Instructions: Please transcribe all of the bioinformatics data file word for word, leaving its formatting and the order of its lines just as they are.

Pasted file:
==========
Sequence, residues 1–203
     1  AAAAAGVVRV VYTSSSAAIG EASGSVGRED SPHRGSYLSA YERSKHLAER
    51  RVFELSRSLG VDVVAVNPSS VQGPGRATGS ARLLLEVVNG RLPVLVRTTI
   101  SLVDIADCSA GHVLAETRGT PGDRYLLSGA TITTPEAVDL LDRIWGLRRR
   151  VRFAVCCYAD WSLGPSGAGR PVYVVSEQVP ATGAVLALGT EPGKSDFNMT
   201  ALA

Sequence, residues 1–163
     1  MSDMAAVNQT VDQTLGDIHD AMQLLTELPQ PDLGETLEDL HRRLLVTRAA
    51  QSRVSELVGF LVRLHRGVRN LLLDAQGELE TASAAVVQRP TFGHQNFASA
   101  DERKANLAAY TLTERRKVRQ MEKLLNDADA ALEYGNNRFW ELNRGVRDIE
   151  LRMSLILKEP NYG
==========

Sequence, residues 1–203
     1  AAAAAGVVRV VYTSSSAAIG EASGSVGRED SPHRGSYLSA YERSKHLAER
    51  RVFELSRSLG VDVVAVNPSS VQGPGRATGS ARLLLEVVNG RLPVLVRTTI
   101  SLVDIADCSA GHVLAETRGT PGDRYLLSGA TITTPEAVDL LDRIWGLRRR
   151  VRFAVCCYAD WSLGPSGAGR PVYVVSEQVP ATGAVLALGT EPGKSDFNMT
   201  ALA

Sequence, residues 1–163
     1  MSDMAAVNQT VDQTLGDIHD AMQLLTELPQ PDLGETLEDL HRRLLVTRAA
    51  QSRVSELVGF LVRLHRGVRN LLLDAQGELE TASAAVVQRP TFGHQNFASA
   101  DERKANLAAY TLTERRKVRQ MEKLLNDADA ALEYGNNRFW ELNRGVRDIE
   151  LRMSLILKEP NYG